DOD sex assault prevention efforts fall short, critics say
WASHINGTON — While praising some of the new steps to combat sexual violence that Defense Secretary Leon Panetta announced Wednesday, critics say the Pentagon isn’t going nearly far enough.
Measures outlined by Panetta included training military advocates for sexual assault victims to the highest national standards. Meanwhile, $9.3 million would be spent on training to give rape investigations and prosecutions more teeth, he said, providing servicemembers the protection they deserve.
“We have a moral duty to keep them safe from those who would attack their dignity and their honor,” Panetta said.
But that doesn’t cut to the heart of the problem, said Anu Bhagwati, executive director of the Service Women’s Action Network.
“Commander influence is the crux of this problem,” Bhagwati said in a news release. “Spending an extra $10 million training military lawyers to try these cases does no good if commanders are not preferring sexual assault cases to trial.”
Rep. Jackie Speier, D-Calif., praised Panetta’s emphasis of the problem but called his actions “not bold enough.”
The decision to prosecute should be taken out of the chain of command, Speier said, as required by legislation she introduced in Congress last fall.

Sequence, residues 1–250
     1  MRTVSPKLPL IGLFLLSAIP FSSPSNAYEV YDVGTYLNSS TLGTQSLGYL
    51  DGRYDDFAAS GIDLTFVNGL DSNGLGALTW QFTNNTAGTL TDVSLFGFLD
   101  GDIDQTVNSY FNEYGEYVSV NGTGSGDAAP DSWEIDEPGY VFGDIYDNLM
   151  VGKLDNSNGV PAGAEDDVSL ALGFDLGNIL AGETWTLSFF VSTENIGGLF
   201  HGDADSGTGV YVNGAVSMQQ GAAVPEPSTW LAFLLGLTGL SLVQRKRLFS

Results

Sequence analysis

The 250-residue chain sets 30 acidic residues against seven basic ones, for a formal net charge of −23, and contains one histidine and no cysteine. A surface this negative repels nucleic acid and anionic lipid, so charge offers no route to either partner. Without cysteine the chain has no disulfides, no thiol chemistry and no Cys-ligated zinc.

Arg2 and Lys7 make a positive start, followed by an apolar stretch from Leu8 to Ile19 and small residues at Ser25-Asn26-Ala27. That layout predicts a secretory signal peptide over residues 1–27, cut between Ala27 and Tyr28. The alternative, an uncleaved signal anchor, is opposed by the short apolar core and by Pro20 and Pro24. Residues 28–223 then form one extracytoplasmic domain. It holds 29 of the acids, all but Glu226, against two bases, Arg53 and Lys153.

“The core of the flawed system remains in place — unit commanders will continue to have complete and total discretion over incidents of assault in their unit,” Speier said in a written statement. “A commander can choose to investigate a case or sweep it under the rug.”
Bhagwati said regulations introduced last year that allow servicemembers reporting a sex assault to quickly transfer to another unit are not always followed by commanders.
She called it “a waste of time” to carry out another of Panetta’s newly-announced measures, studying how commanders are trained to deal with sexual assault cases.
“In the past 16 years there have been 18 studies by the DOD on sexual assaults,” she said. “It is time for the Secretary to change the military justice system which continues to deny justice to sexual assault survivors.”